HRE Establishes Sanders Theatre Fund
Student Performing Groups to Gain Easier Access Through $25,000 Allotment
The University this week created a $25,000 fund to help student groups defray the costs of performing in Sanders Theatre.
Harvard Real Estate (HRE) established the Sanders Support Fund to provide students with easier access to the much coveted but increasingly expensive performance space, said Dean of the Faculty of Arts and Sciences Jeremy R. Knowles yesterday.
"Grants from [the] fund will be awarded competitively, and will allow our most worthy student groups more ready access to the Theatre for their musical and other artistic performances," said Knowles in a prepared statement.
The fund's creation was praised yesterday by leaders of student performance groups, who said it would ease the burden both for Sanders regulars and for groups which have not been able to afford the space in recent years.
"Sanders is undoubtedly the best performance space for an a capella group, but it's also one of the most expensive," said Lillian E. Machi '94, president-designate of the Veritones. "It's a major financial endeavor to put on a jam in Sanders."
HRE, which oversees Harvard's non-academic buildings, took over management of Memorial Hall in 1987. In order to control escalating maintenance costs, HRE began emphasizing rental of the performance space to outside groups, which are able to pay more for the space.
When it assumed management of Sanders, HRE also began requiring groups to pay for several non-optional services, including security, box-office ticket sales, ushering and house management.
Although HRE President Kristen S. Demong said she could not provide a figure for the cost of these services, a performing group can run up a bill of more than "a couple thousand dollars," said Jason L. Meil '92, business manager for the Din and Tonics.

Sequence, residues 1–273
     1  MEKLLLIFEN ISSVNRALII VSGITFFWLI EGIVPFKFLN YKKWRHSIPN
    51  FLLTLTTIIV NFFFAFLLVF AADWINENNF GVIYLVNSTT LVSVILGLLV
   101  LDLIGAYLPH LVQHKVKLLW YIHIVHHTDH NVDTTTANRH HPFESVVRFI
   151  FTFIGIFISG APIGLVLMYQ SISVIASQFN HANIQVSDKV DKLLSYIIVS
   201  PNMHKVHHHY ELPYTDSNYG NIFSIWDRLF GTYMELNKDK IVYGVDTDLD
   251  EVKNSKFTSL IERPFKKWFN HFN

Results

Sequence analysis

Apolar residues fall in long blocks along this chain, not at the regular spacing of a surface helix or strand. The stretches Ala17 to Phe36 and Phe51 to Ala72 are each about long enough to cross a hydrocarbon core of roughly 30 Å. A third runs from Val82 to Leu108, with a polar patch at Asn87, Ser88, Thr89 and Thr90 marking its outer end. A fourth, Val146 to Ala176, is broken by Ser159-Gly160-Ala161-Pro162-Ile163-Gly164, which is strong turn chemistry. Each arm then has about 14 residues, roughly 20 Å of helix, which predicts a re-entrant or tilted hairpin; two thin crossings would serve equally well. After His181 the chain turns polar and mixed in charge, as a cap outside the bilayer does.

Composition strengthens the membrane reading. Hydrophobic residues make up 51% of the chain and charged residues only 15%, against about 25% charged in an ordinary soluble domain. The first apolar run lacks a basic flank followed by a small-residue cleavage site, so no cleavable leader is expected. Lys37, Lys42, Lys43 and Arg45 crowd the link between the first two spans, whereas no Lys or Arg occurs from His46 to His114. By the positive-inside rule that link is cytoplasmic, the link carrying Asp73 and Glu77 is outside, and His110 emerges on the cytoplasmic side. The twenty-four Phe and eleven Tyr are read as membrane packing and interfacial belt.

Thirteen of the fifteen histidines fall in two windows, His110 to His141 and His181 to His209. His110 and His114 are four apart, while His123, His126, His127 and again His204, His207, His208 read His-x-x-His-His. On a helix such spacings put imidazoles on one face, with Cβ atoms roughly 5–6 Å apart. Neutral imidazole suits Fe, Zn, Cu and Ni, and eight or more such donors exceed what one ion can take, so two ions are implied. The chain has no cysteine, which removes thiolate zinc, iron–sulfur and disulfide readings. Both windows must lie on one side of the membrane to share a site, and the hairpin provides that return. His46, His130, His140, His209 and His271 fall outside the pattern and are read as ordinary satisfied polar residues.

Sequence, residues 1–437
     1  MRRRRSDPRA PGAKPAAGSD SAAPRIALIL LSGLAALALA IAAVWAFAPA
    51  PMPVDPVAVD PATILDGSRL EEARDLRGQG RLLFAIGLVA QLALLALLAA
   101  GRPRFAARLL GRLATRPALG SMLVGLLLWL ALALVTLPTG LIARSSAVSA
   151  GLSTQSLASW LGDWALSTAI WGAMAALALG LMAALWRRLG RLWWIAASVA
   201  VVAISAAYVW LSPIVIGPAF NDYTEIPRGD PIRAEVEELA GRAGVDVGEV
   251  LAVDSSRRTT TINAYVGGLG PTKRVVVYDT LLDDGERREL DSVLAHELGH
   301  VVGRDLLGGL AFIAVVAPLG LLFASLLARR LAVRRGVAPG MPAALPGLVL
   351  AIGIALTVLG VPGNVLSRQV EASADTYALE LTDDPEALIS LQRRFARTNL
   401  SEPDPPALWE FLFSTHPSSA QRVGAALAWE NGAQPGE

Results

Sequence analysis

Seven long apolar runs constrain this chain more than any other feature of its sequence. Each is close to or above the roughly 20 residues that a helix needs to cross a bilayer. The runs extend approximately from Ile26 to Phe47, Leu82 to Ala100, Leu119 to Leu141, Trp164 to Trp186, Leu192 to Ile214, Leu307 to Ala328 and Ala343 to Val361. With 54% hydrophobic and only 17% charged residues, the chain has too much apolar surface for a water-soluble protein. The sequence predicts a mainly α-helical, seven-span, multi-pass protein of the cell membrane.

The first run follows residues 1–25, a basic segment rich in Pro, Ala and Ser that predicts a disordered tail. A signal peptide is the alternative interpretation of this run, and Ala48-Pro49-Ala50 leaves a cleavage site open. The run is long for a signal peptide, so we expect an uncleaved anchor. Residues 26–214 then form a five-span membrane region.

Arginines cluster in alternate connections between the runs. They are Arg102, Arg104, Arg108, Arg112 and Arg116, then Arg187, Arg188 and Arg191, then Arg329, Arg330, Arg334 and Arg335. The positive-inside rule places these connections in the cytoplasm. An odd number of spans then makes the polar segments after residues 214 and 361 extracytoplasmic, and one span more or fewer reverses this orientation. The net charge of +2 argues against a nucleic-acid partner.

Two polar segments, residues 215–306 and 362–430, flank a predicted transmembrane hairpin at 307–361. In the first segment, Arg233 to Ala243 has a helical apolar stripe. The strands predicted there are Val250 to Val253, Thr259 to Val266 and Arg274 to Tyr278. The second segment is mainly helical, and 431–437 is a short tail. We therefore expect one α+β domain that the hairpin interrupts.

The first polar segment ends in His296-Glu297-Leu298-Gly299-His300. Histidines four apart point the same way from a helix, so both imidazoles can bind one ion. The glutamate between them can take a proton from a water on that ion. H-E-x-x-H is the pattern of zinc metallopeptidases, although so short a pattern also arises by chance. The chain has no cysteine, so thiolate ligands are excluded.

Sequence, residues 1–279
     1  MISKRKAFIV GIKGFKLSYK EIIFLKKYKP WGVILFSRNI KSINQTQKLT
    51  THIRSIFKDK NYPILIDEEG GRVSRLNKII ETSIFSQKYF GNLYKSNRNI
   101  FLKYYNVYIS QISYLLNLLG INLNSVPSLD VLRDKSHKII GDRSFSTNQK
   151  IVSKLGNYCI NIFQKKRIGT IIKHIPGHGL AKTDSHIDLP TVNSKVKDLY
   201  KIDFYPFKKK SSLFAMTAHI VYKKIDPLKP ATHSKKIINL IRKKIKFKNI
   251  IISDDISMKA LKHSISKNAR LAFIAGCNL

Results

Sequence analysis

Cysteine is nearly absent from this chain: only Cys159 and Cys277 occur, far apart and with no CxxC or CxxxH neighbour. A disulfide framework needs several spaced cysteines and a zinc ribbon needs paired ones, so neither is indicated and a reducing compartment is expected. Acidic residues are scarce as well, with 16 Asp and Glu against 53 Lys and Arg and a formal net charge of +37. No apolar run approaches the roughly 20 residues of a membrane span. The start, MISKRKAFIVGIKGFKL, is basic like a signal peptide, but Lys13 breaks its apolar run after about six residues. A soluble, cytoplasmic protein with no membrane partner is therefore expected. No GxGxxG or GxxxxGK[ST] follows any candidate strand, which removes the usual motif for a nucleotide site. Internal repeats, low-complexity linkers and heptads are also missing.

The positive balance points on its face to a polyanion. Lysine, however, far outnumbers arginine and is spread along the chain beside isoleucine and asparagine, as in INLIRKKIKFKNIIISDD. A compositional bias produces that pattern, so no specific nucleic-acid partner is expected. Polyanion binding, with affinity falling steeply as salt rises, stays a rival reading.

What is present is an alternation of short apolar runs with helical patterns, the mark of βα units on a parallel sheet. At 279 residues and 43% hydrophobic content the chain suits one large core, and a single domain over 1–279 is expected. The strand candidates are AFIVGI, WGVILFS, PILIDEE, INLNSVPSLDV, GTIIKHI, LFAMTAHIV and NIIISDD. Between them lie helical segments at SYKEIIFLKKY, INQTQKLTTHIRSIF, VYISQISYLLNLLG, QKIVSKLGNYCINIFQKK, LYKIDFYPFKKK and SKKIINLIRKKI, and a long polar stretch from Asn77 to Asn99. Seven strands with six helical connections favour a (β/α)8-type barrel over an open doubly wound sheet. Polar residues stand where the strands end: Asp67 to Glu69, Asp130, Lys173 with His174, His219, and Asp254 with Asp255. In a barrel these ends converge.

Demong said that the new fund, which was created from an HRE surplus, is meant to alleviate the increased financial strain on student groups.
"It's getting to be more and more of a pressure point," she said.
Darshak M. Sanghavi '92, executive producer of CityStep, said he was happy about this "short-term solution" to the general shortage of student performance space at Harvard.
"It's an amazing amount of money," Sanghavi said. "I think it shows a more active approach to providing space for students."
Student groups which are currently unable to afford Sanders were also pleasantly surprised by news of the fund.
Edwin M. Outwater '93, music director of the Bach Society Orchestra, said the prospect of playing in Sanders is "exciting." Outwater said his group stopped performing in Sanders and moved to smaller Paine Hall when costs increased a few years ago.
"It's definitely something we'd be interested in," Outwater said of the fund.
Jessica L. McBee '92, former president of the Mozart Society Orchestra, said her group could also use assistance from the new fund in moving from Paine to Sanders as a regular performance site.
"Costs [at Sanders] are prohibitive. Within the next year or two we'd be interested [in the fund]," McBee said.
Demong said she would like to see the fund increased yearly to offset any rent increases.
Though students have been critical of HRE for increasing Sanders performance costs, Demong said her organization is trying to help student groups use the space.
"One of the reasons that we have outside performers is to subsidize students," Demong said. "We've always wanted to do it, we've just never had the funds.
"We're delighted to be a partner in this," she added.